Article

Representativeness of Participants in the Cancer Care Outcomes Research and Surveillance Consortium Relative to the Surveillance, Epidemiology, and End Results Program

*Department of Biostatistics and Computational Biology, Dana-Farber Cancer Institute †Department of Biostatistics ‡Department of Health Care Policy and Brigham, Harvard School of Public Health §Division of General Medicine, Women's Hospital ∥Department of Medical Oncology, Dana-Farber Cancer Institute, Boston, MA ¶RAND Corporation, Santa Monica ♯Division of General Internal Medicine and Health Services Research at the David Geffen School of Medicine at UCLA, Los Angeles, CA **Department of Biostatistics, University of Arkansas for Medical Sciences, Little Rock, AR ††Department of Biostatistics, University of Iowa College of Public Health, Iowa City, IA.
Medical care (Impact Factor: 2.94). 03/2012; 51(2). DOI: 10.1097/MLR.0b013e318222a711
Source: PubMed

ABSTRACT BACKGROUND: The research goals of the Cancer Care Outcomes Research and Surveillance (CanCORS) Consortium are to determine how characteristics and beliefs of patients, providers, and health care organizations influence the treatments and outcomes of individuals with newly diagnosed lung and colorectal cancers. As CanCORS results will inform national policy, it is important to know how they generalize to the United States population with these cancers. RESEARCH DESIGN: This study assessed the representativeness of the CanCORS cohort of 10,547 patients with lung cancer (LC) or colorectal cancer (CRC) enrolled between 2003 and 2005. We compared characteristics (sex, race, age, and disease stage) with the Surveillance, Epidemiology, and End Results (SEER) population of 234,464 patients with new onset of these cancers during the CanCORS recruitment period. RESULTS: The CanCORS sample is well matched to the SEER Program for both cancers. In CanCORS, 41% LC/47% CRC were female versus 47% LC/49% CRC in SEER. African American, Hispanic, and Asian cases differed by no more than 5 percentage points between CanCORS and SEER. The SEER population is slightly older, with the percentage of patients older than 75 years 33.1% LC/37.3% CRC in SEER versus 26.9% LC/29.4% in CanCORS, and also has a slightly higher proportion of early stage patients. We also found that the CanCORS cohort was representative within specific SEER regions that map closely to CanCORS sites. CONCLUSIONS: This study demonstrates that the CanCORS Consortium was successful in enrolling a demographically representative sample within the CanCORS regions.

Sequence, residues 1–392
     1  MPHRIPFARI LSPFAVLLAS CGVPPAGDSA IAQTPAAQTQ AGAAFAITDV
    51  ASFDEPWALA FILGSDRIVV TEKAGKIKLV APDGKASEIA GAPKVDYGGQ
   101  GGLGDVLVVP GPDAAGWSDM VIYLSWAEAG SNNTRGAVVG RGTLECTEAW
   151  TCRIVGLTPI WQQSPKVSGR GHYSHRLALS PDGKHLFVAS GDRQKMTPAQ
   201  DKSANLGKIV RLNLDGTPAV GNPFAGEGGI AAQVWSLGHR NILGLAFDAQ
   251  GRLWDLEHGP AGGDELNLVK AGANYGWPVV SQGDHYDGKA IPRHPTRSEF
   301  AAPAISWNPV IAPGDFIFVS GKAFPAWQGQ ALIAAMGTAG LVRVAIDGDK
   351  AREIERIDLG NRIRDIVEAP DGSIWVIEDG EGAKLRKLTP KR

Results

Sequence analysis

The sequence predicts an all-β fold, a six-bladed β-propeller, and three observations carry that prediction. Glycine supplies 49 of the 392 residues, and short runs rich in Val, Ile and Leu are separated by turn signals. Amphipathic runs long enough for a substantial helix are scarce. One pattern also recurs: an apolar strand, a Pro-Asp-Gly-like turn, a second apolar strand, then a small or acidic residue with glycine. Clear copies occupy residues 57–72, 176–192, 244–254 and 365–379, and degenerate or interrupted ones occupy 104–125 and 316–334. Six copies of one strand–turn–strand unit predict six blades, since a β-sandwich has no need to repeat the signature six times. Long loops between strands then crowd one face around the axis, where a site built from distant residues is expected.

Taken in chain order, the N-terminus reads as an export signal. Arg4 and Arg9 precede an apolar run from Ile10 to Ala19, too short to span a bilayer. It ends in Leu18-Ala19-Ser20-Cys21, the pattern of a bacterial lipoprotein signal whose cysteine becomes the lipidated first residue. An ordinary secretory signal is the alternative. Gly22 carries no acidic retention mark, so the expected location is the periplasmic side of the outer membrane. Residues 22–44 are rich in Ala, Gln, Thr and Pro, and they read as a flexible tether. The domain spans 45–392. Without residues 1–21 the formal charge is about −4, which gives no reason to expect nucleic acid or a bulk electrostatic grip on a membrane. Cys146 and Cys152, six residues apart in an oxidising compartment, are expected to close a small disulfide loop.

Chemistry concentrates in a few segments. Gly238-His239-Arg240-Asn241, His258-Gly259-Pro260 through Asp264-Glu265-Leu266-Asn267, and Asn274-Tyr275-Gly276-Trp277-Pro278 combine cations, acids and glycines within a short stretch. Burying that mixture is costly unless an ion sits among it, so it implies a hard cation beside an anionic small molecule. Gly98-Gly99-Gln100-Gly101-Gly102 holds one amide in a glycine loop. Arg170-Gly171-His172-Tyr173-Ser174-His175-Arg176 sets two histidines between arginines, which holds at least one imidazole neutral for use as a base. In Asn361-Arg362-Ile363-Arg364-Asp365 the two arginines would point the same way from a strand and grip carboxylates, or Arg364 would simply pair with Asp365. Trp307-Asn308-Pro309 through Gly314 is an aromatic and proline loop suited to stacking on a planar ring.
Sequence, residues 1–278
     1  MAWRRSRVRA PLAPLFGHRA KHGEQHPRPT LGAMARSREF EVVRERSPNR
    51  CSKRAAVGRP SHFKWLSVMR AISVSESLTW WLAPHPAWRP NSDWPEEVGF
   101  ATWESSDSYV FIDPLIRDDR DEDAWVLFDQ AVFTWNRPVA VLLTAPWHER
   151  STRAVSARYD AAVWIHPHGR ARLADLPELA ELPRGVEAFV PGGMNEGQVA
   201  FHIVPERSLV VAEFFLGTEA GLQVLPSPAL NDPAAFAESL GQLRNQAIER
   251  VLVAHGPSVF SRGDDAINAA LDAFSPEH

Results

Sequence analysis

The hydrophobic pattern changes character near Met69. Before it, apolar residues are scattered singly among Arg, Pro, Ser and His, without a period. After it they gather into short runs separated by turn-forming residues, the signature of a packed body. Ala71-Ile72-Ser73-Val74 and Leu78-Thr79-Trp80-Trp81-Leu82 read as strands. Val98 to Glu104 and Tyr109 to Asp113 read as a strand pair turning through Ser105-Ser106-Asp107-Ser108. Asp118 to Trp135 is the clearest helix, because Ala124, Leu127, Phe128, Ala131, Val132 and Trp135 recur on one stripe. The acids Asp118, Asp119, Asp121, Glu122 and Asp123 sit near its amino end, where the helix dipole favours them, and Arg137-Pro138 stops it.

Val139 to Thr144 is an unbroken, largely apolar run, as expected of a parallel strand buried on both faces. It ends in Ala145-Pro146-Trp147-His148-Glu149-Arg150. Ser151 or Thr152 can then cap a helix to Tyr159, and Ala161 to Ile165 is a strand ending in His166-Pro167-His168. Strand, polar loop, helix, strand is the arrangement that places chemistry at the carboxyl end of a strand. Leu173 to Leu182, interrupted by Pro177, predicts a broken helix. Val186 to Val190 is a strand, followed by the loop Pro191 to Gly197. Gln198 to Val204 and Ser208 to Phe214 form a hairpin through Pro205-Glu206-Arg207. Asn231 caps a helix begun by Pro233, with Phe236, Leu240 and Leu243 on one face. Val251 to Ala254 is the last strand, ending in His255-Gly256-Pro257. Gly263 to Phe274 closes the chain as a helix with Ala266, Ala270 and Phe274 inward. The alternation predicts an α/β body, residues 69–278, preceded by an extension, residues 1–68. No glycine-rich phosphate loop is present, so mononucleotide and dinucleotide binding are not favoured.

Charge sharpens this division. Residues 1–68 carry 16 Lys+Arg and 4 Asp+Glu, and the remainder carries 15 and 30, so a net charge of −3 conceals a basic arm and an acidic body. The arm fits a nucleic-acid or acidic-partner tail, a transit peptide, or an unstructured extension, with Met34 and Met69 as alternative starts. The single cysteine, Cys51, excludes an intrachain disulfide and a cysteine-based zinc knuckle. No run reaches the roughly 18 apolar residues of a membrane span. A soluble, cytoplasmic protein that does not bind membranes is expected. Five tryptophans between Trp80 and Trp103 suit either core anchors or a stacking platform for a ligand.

0 Followers
 · 
124 Views
  • [Show abstract] [Hide abstract]
    ABSTRACT: Relatively few data are available about symptoms among cancer patients.
    Journal of Pain and Symptom Management 06/2014; 49(2). DOI:10.1016/j.jpainsymman.2014.06.003 · 2.74 Impact Factor
  • [Show abstract] [Hide abstract]